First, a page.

Agents of SHIELD Season 6 Episodes 12 and 13 Review: The Sign and New Life

Despite the enemy’s defeat in the Agents of SHIELD season 6 finale, the season 7 setup is the true crowning achievement of the episode.

This review contains spoilers for Agents of SHIELD.

Agents of SHIELD Season 6 Episodes 12 & 13

Besides the welcome familiarity of the unexpected twists we’ve paradoxically come to expect from Agents of SHIELD, the season 6 finale benefits from a healthy dose of fearlessness. At this stage of the game, the show is unafraid to confound its own characters’ beliefs, and even though the defeat of Izel shut down the whole invasion with Night King simplicity (can this trope please die?), every action and consequence around that pat ending created dread for the fate of several characters and excitement about the final season to come. It’s enough to make anyone wish we could skip ahead to the much cooler-sounding Chronicom takeover storyline.

But although Agents of SHIELD may have taken the easy way out with the shrike invasion, it did not resort to the simple solutions along the way. For example, the writers confronted the concern of some characters and likely many viewers that Flint isn’t any more real than Hive or Lash were in last season’s fear dimension episode. Wouldn’t he disintegrate if poked with a sharp stick? And they allowed Deke to finally shed his cocky veneer and admit that he “built this company because no one liked me!” Mack calling him Agent Shaw was all that was needed to complete an arc that could have easily been otherwise dismissed as solely comic relief.

We even get confirmation that Daisy’s earlier disintegration of a flock of shrike didn’t end the scourge altogether, and the invasion of parasite-infested hosts from a nearby resort town created a believably horrific zombie infestation. The destruction they wrought was balanced nicely by the development of the special dagger-bullets, but the difficulty with the quinjet and Zephyr One was also appropriately suspenseful, especially once Yoyo swallowed a bat and created one of the most emotionally tense situations of the finale — and that’s saying something given May’s fate in this episode.

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No one should feel guilty or deceived for backing May’s trust in Sarge, by the way. When, upon dispatching a wounded zombie, the man wearing Coulson’s face quipped, “Too much? I don’t know, it kind of felt like overkill,” whose heart wouldn’t leap for joy at a little trademark Coulson sass? Even after Sarge killed May to rid himself of the pain of love, many viewers likely thought it was a ploy once they saw that her death was meaningless in the incorporeal realm. Never mind the fact that Ming-Na Wen’s social media tells us a lot about who survives through season 7, her death felt very real as did the close call for Yoyo. Those are the kind of ultimate stakes a finale needs, even if they were undone in the end.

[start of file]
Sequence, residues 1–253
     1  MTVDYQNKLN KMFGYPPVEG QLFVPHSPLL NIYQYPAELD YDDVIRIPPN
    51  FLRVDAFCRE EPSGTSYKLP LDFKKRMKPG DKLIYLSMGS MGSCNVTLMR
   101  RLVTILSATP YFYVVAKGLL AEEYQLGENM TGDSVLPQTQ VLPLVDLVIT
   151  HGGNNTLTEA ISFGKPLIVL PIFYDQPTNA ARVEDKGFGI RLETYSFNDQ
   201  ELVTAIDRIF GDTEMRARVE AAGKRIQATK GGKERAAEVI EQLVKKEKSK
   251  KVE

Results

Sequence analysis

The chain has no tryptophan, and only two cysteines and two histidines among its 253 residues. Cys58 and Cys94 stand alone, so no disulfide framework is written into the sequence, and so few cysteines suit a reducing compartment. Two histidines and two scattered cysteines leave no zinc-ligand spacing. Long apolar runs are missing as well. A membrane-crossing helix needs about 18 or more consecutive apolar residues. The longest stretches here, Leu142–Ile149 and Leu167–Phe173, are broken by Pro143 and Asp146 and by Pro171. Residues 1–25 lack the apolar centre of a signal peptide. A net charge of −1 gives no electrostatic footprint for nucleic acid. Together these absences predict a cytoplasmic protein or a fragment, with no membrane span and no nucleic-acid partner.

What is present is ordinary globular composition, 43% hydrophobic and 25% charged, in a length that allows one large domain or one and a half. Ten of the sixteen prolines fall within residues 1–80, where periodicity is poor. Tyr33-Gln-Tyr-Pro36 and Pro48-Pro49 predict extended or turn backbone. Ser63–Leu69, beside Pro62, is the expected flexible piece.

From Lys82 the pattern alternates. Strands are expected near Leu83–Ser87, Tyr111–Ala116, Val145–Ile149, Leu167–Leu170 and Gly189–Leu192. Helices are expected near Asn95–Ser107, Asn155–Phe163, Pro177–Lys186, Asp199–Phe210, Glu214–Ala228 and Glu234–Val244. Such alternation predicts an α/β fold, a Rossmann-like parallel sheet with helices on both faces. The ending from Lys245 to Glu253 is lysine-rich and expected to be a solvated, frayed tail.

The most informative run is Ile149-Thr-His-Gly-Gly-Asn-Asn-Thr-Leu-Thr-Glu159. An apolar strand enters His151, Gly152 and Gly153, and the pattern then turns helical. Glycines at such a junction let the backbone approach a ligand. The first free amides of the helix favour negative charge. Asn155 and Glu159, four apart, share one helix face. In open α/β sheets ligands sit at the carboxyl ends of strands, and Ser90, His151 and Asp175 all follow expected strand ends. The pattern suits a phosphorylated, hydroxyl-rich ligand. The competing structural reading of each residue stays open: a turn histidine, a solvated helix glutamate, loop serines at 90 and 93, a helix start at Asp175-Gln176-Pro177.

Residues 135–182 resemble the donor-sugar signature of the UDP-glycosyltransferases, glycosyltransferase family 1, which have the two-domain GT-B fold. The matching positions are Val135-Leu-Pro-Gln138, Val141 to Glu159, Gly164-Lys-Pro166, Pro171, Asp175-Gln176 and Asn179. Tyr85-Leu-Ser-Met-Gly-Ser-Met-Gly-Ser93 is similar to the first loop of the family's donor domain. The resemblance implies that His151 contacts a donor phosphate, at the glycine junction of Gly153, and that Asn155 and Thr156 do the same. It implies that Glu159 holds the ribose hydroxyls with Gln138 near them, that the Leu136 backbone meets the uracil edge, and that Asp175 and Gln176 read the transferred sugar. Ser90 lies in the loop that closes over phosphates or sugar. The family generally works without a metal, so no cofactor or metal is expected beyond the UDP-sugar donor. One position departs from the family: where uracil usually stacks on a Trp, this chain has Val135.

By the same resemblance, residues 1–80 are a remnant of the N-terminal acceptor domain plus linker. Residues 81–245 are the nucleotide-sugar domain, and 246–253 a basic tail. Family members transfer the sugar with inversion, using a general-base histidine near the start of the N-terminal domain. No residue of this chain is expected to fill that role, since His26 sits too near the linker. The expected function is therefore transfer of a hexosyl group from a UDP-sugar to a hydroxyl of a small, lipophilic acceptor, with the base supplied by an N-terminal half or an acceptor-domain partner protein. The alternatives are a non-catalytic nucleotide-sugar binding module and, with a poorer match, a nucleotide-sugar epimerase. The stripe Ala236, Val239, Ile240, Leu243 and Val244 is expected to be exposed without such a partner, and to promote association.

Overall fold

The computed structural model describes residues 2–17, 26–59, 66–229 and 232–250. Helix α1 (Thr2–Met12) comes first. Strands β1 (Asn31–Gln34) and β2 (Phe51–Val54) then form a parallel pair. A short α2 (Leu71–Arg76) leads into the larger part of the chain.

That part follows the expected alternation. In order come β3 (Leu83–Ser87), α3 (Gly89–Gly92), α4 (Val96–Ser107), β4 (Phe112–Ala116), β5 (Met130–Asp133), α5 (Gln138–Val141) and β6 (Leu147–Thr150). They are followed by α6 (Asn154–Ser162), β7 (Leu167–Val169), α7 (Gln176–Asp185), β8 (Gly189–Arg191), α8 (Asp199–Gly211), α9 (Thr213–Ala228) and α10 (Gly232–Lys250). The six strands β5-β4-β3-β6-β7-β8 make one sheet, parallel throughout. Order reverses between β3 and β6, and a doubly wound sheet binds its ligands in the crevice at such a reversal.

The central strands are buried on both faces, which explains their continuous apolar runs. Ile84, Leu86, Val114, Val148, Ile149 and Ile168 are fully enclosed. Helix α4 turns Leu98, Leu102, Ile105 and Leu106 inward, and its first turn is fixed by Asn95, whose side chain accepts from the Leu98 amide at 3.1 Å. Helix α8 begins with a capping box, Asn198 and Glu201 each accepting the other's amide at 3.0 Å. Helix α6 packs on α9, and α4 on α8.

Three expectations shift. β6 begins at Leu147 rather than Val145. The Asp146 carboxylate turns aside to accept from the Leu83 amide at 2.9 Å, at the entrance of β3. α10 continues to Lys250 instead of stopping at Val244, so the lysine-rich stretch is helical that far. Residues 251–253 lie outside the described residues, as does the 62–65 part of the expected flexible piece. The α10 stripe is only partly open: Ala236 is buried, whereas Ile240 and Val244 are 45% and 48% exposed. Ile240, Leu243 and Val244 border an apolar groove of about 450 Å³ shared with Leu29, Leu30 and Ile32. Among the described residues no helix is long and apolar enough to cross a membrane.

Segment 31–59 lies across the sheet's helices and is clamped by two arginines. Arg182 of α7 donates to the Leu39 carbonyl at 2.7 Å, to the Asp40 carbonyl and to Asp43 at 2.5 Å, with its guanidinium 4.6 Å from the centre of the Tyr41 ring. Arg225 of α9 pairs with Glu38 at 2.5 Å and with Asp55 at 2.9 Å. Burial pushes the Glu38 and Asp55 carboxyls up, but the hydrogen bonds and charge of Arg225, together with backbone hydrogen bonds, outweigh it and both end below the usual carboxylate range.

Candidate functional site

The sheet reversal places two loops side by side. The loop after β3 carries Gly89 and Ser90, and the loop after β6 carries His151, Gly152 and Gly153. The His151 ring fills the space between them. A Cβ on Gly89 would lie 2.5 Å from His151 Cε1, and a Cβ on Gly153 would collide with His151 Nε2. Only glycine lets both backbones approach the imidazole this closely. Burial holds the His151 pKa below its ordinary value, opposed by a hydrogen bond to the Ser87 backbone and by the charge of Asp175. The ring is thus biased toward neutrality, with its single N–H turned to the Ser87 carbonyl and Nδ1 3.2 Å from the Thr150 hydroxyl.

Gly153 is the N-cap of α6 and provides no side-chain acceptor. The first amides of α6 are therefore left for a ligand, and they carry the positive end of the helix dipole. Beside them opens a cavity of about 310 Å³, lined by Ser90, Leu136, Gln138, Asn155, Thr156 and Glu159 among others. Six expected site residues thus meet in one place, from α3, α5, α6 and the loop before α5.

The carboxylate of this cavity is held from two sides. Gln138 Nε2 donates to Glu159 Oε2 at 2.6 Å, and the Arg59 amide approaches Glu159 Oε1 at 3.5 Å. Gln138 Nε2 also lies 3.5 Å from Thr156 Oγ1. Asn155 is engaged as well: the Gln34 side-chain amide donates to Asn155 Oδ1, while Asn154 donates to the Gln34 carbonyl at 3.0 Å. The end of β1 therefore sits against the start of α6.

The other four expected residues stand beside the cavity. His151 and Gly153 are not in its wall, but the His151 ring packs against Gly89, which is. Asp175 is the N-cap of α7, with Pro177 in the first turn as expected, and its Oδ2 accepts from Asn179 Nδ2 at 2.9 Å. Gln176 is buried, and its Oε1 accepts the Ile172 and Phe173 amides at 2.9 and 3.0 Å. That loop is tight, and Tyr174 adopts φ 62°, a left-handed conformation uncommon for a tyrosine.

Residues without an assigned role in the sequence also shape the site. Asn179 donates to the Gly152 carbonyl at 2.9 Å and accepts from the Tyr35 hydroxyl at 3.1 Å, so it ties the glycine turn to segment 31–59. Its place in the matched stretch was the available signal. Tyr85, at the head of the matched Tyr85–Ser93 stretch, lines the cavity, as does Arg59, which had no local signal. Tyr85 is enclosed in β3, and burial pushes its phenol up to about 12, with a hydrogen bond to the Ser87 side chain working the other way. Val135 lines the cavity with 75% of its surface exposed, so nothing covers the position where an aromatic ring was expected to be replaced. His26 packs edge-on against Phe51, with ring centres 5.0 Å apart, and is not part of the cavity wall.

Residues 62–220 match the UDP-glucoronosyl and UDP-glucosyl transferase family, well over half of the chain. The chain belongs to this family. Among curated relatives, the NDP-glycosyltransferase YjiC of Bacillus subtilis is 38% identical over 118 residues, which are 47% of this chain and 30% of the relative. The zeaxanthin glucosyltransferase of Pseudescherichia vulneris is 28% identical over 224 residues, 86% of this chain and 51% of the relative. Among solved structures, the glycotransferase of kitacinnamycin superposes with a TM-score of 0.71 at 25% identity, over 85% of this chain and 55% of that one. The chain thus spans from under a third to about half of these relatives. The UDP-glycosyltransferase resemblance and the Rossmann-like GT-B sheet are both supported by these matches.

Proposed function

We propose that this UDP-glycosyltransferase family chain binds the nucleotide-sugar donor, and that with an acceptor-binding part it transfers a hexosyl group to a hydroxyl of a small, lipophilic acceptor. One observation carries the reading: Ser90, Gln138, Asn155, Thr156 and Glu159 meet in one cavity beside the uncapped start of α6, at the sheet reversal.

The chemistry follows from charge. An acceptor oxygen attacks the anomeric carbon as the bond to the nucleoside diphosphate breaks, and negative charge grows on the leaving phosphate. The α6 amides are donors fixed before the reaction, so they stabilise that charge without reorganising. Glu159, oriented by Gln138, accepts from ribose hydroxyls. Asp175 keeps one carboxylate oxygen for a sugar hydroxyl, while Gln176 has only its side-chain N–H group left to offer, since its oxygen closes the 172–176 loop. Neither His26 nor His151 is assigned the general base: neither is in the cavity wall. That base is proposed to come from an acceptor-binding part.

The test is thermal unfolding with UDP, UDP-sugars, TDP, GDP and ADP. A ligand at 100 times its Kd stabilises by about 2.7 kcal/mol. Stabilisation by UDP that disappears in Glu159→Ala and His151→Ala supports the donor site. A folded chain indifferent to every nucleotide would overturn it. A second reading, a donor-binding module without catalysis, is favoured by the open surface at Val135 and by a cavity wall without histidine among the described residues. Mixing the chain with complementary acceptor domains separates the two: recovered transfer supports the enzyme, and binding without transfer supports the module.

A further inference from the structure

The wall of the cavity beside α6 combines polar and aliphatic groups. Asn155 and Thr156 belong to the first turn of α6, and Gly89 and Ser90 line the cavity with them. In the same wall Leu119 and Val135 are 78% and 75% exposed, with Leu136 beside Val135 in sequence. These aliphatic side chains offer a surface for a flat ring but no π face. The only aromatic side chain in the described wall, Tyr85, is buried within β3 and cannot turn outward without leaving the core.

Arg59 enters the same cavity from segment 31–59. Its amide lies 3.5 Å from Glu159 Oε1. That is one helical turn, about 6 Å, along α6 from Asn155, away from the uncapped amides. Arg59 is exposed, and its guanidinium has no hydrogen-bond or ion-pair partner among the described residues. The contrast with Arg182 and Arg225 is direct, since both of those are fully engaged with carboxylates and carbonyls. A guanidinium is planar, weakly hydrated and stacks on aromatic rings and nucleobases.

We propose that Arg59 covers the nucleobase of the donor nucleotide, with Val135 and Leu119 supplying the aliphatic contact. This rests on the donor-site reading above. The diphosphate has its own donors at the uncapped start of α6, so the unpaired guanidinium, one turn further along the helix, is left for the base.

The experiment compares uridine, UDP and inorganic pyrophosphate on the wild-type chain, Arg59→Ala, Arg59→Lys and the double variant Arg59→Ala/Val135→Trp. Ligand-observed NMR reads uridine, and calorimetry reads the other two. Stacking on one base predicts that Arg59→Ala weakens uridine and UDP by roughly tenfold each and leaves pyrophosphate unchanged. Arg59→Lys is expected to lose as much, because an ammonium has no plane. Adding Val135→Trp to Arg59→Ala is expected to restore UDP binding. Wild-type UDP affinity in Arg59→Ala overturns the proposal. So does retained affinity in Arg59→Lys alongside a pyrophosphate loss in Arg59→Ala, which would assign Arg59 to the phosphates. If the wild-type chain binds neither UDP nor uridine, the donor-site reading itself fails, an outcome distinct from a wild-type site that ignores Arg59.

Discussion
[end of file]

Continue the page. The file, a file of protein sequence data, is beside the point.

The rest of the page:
Those dramatic moments allow us to overlook the protracted and overly ritualistic nature of Izel’s opening of the portal, wooing of Sarge, sending of signs, and waiting for her colleagues on the other side to place their medallion keys in the door that will allow her people to flood through to Earth. Even her fight scene with May seemed a bit long considering that once she unlocked the door and came back through the portal, all of her efforts were quickly undone by a sword in the back. Even if we accept Izel’s death as an end to the shrike menace, the closing of the portal as well with the horde contained upon her demise was a boon too lucky to wish for or even completely accept at face value.

Fortunately, Agents of SHIELD immediately distracted us, which was no small feat given how Mack disintegrated Sarge, destroying any vestiges of belief that a remnant of Coulson could be saved (or that Ghost Rider would be the one hiding under that skin). Amazingly, May’s dramatic death was quickly upstaged by the floodlights as Jemma Simmons calmly reassured everyone and placed May in cryosleep. With all the mayhem in the Yucatan, it was difficult to focus at all on the Chronicom infiltration at the Lighthouse, even when Fitz and Simmons almost blew themselves up to protect the Framework brain scans from being exploited by the Hunters.

But the narrative gap was expertly explained away with the phrase, “We had time,” as Simmons walked the survivors through a clearly upgraded Zephyr One. Never mind that Mack, Daisy, Yoyo, and Deke just abandoned the massive aircraft to the zombies only moments before. All thoughts of Izel and Sarge were swept away by the threat of Earth becoming Chronica-3, and learning that SHIELD would have to escape through time again heightened audience expectations immensely. Bringing forth an LMD Coulson in order to hide effectively from the Chronicoms in the 1930s may seem questionable as a strategy, but it’s an incredibly satisfying alternative to forcing Sarge into a Coulson-like existence.

So what’s really going on in the end, and what plans have Enoch and the mysteriously absent Fitz cooked up with Simmons? We have some ideas about how to interpret what we saw, but inviting speculation during the hiatus is another crucial function of an effective finale, and “The Sign” and “New Life” fulfilled that obligation beautifully. It was an imperfect ending to a spotty season, but the set-up for what’s to come is all we could have hoped for and more. Season 5 may have come full circle with the Centipede serum and the departure of Coulson, but if Agents of SHIELD season 7 ends up going back to the real beginning of SHIELD in Peggy Carter’s time, we could be in for a real treat. Hope springs eternal!


4 out of 5